Thursday, May 26, 2011

Photos of the Week

This months theme is places. All photos were submitted to the KEH Flickr group pool.

Untitled (Boston), by: Rachel Carrier
Seattle with Diana  018
Seattle with Diana 018, by: Rick Knight, Go Kat Go
dumbo flies vericolor
Dumbo flies vericolor, by: Cha Cha
Black Friday (Majestic)
Black Friday (Majestic), by: John, Ham with Cam
Sheepscot Harbor at Night
Sheepscot Harbor at Night, by: Herb G.
le tour eiffel
le tour eiffel, by: Cara Rose Photos
Untitled (Alaska), by: 4light
The State of Decay IX
The State of Decay IX, by: Yoong Khean, excelsius

*Our next theme is Things. Join our Flickr group and submit your photos here.

Tuesday, May 24, 2011

Summer Busters


There are many photographic equipment predators, especially in the summertime. Some of these include: water, salt, sand, heat, sunscreen, loss, and theft. Here's a few tips, and a few reminders for how to keep these predators at bay, and how to fix any damage that may occur.


* Water- To state the obvious, let's first start with mentioning that it's a good idea not to take your equipment too close to water unless it's waterproof equipment. There's many affordable UW options these days, including disposable underwater cameras, UW housings for both digital point and shoot and DSLRs, waterproof digital point and shoots, and waterproof 35mm cameras.

Now, if you must take a non-waterproof camera near the water, and happen to drop it in the water, here's what you need to know to make the chances of survival the greatest: Immediately turn the camera off! Then, take out/off accessories such as the battery, memory card, and lens. Lay them out individually to dry. "Dump" any excess water out of the camera if it's full. I suggest air drying the camera, but if needed, you can use a hair dryer on a low setting for short amounts of time. The camera will take days to fully dry out on the inside. Do not turn the camera back on until you are positive that it is completely dry on the inside (any left over water could fry the circuitry). If you happened to drop the camera in salt water, then after removing the accessories, before drying, rinse the camera in distilled water to remove the salt. *This is if the camera was submerged, and not just if a little sea spray got on it. Adding silica packs (or rice) nearby your camera, in your camera bag, or put together with the camera body and/or lens in a Ziploc bag will help to absorb any extra moisture. Obviously, you want to try to never drop it in the first place, so use a camera strap or avoid the situation all together.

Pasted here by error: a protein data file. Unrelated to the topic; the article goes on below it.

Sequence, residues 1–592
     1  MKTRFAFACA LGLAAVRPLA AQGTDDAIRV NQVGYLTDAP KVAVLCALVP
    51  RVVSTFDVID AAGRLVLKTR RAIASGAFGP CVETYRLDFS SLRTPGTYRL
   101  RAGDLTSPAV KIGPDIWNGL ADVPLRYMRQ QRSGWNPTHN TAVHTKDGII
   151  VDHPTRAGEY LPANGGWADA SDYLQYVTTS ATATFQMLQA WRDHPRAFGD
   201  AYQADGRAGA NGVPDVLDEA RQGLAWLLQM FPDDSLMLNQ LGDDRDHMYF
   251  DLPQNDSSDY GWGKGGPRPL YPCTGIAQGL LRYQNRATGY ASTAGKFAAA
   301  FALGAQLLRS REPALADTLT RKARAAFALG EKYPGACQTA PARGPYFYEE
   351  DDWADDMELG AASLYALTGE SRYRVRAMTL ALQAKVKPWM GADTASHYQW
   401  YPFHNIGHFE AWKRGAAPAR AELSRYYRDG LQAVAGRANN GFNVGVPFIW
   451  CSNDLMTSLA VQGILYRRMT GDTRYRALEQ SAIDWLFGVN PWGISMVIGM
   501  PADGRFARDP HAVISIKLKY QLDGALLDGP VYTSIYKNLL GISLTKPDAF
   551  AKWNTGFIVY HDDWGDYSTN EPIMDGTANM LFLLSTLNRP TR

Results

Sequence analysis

* Salt- If you live near, or spend a lot of time near an ocean, chances are salt from the water and air will creep into your gear. Salt typically isn't an immediate danger, but over time it can corrode electronics and etch glass. If you are near it often, just take some extra time to clean your gear on a regular basis, including small parts like battery contacts and glass elements.


* Sand- You know how when you go to the beach you seems to bring a ton of sand home with you? Well, your gear is no exception. Be especially careful to avoid sand... it's small and gritty and will sneak into little corners and cling to glass. If your gear comes in contact with sand, get it out quickly, but gently. The best thing to use in a soft brush to remove the sand grains. If you try air (compressed, canned, hair dryer, hand dryer, etc.) you risk pushing the grains further into the camera and scratching the glass. A cleaning cloth can also aid in rubbing the sand into the glass and thus scratching it also. Another easy preventative measure for sand is to keep a protective filter (and lens cap when not in use) on the end of your lens.